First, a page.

HALLOWELL — Faced with rising costs and unanticipated expenses, the city passed a budget that minimized the tax impact as much as possible while retaining city services.

The result is a $7,141,576 budget, roughly $500,000 over the previous year’s $6.6 million budget. The mill rate is estimated to be 22.20, meaning that property owners must pay $22.20 in taxes per $1,000 of assessed valuation. That’s up by 90 cents, or 4.2% from the fiscal year that ended June 30.

For a Hallowell home with a median value of $329,900, this year’s increase would result in an additional $296.91 in property taxes.

City councilors unanimously approved the budget at their Monday meeting.

And while the spending plan did increase, it is much lower than it could have been. Back in May, the finance committee had estimated the city would be facing a budget with a tax rate of $24.60 per $1,000 of assessed valuation, which would have been a 15.5% increase.

Finance Committee Chair Maureen AuCoin clarified during Monday’s council meeting that the $22.20 tax rate was an estimate.


“We don’t have the exact valuation numbers yet from the assessors,” she said. “We’ve never moved forward without those, so this is still an estimate.”

She said the estimated 22.20 mill rate is her calculation, and that it did not come from city staff or the assessor, but it is based on estimates from assessors.

“It’s possible that it will come in different,” she said. “Admittedly, I’m a little uncomfortable moving forward without having the concrete valuation numbers, but I jumped on board with this because we are trying hard to get this done on time rather than waiting, and I feel comfortable enough with the estimates that it shouldn’t be a huge impact one way or the other.”

In recent years, the city had approved the budget in August. Mayor George Lapointe said in May that they were aiming to finalize this budget by the end of June, before the start of the next fiscal year, but that they could have the previous budget numbers carry forward until the new budget was approved if more time was needed.

At Monday’s meeting, councilors set tax due dates of Sept. 1, 2022, and March 1, 2023, with interest beginning to accrue on Sept. 15, 2022, and March 2, 2023. They also set the interest rate for delinquent taxes to 4%, and 3% for overpayment of taxes.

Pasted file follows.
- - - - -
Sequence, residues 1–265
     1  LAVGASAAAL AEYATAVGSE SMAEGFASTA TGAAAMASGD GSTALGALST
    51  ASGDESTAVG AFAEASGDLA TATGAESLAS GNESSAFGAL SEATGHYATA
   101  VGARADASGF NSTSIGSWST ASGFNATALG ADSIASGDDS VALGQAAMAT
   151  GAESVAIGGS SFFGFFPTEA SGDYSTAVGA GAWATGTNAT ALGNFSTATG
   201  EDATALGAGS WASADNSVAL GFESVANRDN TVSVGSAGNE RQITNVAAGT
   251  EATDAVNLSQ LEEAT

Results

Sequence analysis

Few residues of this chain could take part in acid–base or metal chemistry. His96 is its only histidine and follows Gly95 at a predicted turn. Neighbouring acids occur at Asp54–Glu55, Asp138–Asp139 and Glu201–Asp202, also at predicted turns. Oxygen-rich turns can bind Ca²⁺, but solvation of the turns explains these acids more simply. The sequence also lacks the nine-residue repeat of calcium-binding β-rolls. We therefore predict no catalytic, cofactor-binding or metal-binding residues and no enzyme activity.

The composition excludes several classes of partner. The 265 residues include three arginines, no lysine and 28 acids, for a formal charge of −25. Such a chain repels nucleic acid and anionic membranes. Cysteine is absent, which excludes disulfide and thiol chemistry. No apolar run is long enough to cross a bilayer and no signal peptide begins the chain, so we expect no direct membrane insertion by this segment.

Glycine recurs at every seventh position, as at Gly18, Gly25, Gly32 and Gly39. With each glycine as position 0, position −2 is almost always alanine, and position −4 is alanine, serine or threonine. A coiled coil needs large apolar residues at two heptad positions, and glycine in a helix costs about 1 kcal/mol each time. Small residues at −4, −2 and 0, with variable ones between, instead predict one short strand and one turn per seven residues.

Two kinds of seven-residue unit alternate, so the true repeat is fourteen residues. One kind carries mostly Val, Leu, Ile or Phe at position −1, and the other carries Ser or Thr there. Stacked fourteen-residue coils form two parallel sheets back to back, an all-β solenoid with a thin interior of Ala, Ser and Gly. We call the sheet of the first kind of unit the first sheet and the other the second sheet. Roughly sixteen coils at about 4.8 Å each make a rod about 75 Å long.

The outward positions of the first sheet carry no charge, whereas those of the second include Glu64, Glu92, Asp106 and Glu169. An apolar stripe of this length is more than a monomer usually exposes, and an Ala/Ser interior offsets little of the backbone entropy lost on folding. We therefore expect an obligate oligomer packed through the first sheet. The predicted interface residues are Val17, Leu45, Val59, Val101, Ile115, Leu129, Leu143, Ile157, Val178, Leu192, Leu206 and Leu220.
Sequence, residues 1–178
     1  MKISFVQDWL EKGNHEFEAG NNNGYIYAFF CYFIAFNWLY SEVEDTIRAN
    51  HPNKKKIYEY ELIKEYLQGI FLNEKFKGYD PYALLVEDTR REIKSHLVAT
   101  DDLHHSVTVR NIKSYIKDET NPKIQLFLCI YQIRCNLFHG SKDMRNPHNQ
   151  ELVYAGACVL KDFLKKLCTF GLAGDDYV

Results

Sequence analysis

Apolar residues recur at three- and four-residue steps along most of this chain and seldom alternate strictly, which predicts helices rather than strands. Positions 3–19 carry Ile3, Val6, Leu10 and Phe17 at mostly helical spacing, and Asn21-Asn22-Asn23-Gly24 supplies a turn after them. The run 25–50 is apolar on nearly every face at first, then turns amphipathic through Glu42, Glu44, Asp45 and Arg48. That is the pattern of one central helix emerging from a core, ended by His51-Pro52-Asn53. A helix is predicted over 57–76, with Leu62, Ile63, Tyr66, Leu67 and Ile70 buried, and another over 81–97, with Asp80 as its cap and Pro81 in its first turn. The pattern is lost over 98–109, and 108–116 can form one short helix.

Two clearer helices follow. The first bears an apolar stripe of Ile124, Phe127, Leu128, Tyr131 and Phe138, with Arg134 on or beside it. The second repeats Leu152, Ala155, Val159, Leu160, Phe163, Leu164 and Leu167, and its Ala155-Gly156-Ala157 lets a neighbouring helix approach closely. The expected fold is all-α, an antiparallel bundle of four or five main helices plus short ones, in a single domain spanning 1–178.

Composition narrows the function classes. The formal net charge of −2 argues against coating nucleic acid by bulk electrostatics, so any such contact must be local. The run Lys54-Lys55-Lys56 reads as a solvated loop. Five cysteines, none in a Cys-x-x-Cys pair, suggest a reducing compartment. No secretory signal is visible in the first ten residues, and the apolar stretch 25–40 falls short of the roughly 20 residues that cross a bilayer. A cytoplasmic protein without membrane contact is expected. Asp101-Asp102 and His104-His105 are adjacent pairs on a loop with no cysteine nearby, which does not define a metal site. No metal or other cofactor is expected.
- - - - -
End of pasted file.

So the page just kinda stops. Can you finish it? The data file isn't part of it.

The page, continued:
The majority of the budget increase this year is a result of a $239,000 tax abatement the city must pay to Granite Hill Estates, an apartment and assisted living complex at 60 Balsam Drive.


City Manager Gary Lamb said that when the complex put an addition in 2010, the city had a commercial appraiser, who helps municipal assessors who are not as versed in large commercial projects, assess the complex. At that time the commercial appraiser assessed the property at $18 million.

But when MaineGeneral Health sold the property to Northbridge Companies in 2019, the new owner requested a reassessment. The matter went to court in 2021, and a professional mediator and lawyer reached an agreement to reduce the value from $18 million to $12 million.

Lamb said the city also gained about $3 million in assessed value this year, cushioning the blow of the $6 million reduction to a net loss of $3 million.

According to a July 7 memo from the finance committee included in the packet for Monday’s meeting, Lamb was able to negotiate splitting the abatement into two $122,703 payments, one in the 2023 fiscal year and the second on the following year.

The city is also applying $289,283 from the undesignated surplus fund as revenue to offset increases, which the finance committee said will still fall within the required 10%-15% of annual expenditures.

The city was also able to use the downtown TIF district to offset increases, and the finance committee said numerous expenses were moved out of general expenditures and into the TIF expenditure account to offset a larger property tax increase.


The budget also no longer includes full funding for a new police cruiser, which the city will likely request funding for next year.

Recently, the city received an additional $125,882 in American Rescue Plan Act funds, however none of this will be applied to the budget and will instead be available throughout the year if necessary.

And while savings and revenues were applied to offset the increase, the city was also able to include a 12% pay increase to all full-time employees, maintain the same level of funding for the Hubbard Free Library and keep the road maintenance fund at $125,000 for the second year in a row.

The pay increases come after the city approved a new union contract in June for a 12% increase. Lamb said last month that while city officials had previously considered this to be too steep an increase, they recently decided that it was worthwhile to pursue the 12% when considering the current economy.

“When you make retention and recruitment a priority and have around 8% inflation,” Lamb said, “and last year’s (cost-of-living adjustment) being only 2%, the majority of the council wanted to invest in our staff and their families.

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